Okidoki. Game programming then. I spend the scarce free hours this week on making a trigger system. I wrote about scripting several times before, but in case you don’t really know what they are… Scripts are adjustable pieces of text/code that can tell what to do. Usually written in a higher (somewhat “easier”) level programming language. Just like with any other programming language, you can apply all kinds of logic. However, in this case the actual work is still done by the underlying engine. Script tells “play sound” or “walk to point B”. Then the engine does the actual (difficult) work. Compare it to cartoons where you have the Muscle and the Brain. The engine is the dumb guy that does all the dirty jobs, the script is the evil genius that makes the plans.

One of the biggest pro’s about using scripts is that they are A: relative easy to write. And B: you can change them afterwards without having to change/recompile the engine code. This makes it perfectly possible to separate specific game stuff (rules, events, behavior) from the engine. But there is also a downside; script runs slower. Although computers are fast these days, it’s still not recommended to perform complex routines inside a script, and certainly not every cycle. Which is why scripts are usually just small pieces of code that instruct the engine. Engine asks what to do, script briefly instructs.

The ping-pong communication between the two can be a little bit chaotic sometimes. And although scripts are great, I still try to avoid them as much as possible in order to keep things simpler and faster. Since I’m quite familiar with PLC’s, AND/OR/NOT’s, pulses and delays, I thought “why not making a trigger system?”. Here a trigger is a set of conditions and events.

After doing it 54259 times, I'm starting to hate designing forms with lots of checkboxes and such. I looked for an "Object Inspector" component for Delphi7, but couldn't find a free one... Maybe I should make one myself... or maybe not.

The picture above shows an example. A set of engine built-in conditions and events can be used to compose a trigger. For example, check if the player is inside a certain part of the map, is looking at object B for at least 2 seconds, and has a screwdriver in its inventory. IFSO, play a sound, spawn an object, change the weather, or whatever.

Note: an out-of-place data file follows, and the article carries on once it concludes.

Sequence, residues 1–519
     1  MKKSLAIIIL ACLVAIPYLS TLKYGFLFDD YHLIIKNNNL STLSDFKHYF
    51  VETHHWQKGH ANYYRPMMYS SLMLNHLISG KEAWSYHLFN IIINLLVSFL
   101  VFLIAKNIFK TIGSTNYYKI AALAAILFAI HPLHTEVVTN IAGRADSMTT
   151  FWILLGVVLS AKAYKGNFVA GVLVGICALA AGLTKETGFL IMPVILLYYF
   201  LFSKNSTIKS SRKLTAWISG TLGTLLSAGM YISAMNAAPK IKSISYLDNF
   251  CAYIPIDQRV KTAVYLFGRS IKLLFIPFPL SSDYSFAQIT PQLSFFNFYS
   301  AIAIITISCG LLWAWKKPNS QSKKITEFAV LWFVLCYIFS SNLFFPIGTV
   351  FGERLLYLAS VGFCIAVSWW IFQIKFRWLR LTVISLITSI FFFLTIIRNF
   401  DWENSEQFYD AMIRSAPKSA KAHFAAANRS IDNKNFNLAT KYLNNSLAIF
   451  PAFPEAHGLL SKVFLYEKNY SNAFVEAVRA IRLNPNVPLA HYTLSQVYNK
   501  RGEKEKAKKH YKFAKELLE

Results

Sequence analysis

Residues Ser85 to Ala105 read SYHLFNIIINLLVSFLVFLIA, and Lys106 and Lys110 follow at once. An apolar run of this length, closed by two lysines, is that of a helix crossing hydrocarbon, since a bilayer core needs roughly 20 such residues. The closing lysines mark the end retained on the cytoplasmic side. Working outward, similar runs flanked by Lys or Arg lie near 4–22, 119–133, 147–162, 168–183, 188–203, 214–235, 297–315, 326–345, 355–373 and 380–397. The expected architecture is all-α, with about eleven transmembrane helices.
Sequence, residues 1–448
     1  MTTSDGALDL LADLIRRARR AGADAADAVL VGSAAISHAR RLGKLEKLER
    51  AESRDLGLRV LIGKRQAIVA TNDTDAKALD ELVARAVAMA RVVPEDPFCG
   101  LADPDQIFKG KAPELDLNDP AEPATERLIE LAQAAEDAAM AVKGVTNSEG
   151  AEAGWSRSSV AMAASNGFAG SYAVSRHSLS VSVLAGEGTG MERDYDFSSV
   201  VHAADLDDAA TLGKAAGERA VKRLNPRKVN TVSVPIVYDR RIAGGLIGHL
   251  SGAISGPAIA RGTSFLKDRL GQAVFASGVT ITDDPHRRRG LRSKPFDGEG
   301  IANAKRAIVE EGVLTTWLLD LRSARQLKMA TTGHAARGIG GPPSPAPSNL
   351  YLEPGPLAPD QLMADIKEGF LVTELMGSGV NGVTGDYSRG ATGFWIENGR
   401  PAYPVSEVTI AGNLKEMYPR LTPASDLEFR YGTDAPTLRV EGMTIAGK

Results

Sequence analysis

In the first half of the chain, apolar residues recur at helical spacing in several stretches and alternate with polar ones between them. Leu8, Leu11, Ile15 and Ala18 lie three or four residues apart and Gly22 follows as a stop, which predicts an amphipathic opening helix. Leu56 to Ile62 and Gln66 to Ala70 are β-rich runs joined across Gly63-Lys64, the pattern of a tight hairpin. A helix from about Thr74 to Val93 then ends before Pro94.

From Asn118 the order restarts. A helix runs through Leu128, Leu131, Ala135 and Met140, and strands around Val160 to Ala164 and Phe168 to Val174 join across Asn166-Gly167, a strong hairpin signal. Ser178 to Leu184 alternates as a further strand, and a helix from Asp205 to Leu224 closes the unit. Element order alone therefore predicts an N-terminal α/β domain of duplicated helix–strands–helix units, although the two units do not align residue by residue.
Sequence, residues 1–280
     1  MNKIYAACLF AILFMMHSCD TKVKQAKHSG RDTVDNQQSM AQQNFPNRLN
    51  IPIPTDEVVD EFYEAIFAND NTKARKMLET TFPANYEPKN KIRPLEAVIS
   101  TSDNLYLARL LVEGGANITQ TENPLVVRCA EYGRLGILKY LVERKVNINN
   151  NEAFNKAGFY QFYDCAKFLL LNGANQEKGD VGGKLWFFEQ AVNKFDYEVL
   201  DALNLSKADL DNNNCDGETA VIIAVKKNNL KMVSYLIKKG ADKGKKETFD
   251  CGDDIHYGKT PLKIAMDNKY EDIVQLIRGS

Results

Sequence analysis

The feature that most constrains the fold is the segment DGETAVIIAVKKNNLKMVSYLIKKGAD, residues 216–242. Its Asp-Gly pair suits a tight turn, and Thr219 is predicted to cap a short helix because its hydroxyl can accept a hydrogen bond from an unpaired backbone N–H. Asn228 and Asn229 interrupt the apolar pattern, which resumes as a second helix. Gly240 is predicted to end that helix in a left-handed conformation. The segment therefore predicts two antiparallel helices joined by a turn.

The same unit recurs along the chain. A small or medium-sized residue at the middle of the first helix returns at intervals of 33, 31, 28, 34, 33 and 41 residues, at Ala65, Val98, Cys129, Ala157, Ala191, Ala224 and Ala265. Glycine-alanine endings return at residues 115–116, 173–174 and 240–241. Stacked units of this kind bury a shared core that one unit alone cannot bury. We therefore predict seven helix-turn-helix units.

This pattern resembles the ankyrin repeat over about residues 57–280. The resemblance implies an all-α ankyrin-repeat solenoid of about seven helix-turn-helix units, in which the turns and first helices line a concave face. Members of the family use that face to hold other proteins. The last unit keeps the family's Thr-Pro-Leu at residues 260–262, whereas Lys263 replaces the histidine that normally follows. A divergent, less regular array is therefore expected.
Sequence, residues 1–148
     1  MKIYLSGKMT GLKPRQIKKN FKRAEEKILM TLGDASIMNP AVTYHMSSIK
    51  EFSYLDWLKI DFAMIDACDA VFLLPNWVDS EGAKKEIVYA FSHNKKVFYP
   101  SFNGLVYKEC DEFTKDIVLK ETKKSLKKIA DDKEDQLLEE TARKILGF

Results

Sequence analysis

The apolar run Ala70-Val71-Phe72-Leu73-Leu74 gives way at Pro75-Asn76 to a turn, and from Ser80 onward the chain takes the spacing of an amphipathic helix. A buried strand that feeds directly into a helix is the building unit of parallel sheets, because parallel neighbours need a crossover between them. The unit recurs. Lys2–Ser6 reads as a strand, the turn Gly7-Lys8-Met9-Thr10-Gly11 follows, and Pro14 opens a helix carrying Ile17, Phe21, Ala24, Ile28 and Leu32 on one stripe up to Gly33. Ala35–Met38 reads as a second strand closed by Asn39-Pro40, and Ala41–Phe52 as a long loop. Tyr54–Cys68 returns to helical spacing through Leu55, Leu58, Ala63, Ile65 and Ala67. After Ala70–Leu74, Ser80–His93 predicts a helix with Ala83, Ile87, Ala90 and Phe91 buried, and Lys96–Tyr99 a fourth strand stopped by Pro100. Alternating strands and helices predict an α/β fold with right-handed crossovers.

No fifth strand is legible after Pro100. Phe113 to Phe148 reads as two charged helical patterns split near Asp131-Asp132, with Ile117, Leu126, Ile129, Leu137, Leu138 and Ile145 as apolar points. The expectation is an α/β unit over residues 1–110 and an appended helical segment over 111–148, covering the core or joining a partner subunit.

- Test if entity is inside a region. Eventually filter on group, velocity, etc.
- Test if entity A can see entity or point B
- Compare entity property or global variable (health / battery less, equal or more than X)
- Do a date/time or weather check (handy for populating streets in GTA kind of games)
- Test if person has item X inside inventory
- …
- Play sound
- Hide/Show objects
- Give something
- Spawn object
- Start cinematic script
- Adjust entity property or global variable (health += 10, … )
- Change light / atmosphere, day/time or weather
- Open or close doors
- …
Now it’s possible to construct quite complex logic, without having to use scripts. All the items above are common checks and do not cover specific game code either. And otherwise scripts can still be used to define specific conditions or events.

Last but not least, the trick is to know which triggers to check and which not. In an open roaming world like this one, you could have thousands of triggers in total. Although the checks are fairly simple, you still don’t want to evaluate that whole shitload. Especially not if 99.9% of the conditions will turn out false anyway. Therefore I made an “active list”. Each sector (a room or corridor for example) carries its own set of triggers. As soon as you get nearby enough, it will put its triggers into that “active list”, from where they get evaluated every cycle. The few triggers that are not bound to a specific location can still be inserted/removed manually via a script as well.

Now this stuff didn’t bring me nice new pics for this week, so you’ll have to do with this dusty crap. Same old apartment room, but decorated with some of the newer objects I added last months. Nice to have a growing library of garbage to put in that world. If the horror idea fails, we can still turn it into The Sims go Soviet.